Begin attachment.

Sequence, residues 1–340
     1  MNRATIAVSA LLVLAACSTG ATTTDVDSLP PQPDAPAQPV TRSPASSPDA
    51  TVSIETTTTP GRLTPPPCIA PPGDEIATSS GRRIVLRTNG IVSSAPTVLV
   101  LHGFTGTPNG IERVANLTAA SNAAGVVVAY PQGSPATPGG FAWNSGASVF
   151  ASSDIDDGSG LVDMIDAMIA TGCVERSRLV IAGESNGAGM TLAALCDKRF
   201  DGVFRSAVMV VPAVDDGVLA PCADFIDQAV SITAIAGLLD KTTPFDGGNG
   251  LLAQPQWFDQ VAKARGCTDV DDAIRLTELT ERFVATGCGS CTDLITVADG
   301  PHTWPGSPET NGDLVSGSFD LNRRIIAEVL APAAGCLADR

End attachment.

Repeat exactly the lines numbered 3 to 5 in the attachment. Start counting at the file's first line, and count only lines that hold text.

    51  TVSIETTTTP GRLTPPPCIA PPGDEIATSS GRRIVLRTNG IVSSAPTVLV
   101  LHGFTGTPNG IERVANLTAA SNAAGVVVAY PQGSPATPGG FAWNSGASVF
   151  ASSDIDDGSG LVDMIDAMIA TGCVERSRLV IAGESNGAGM TLAALCDKRF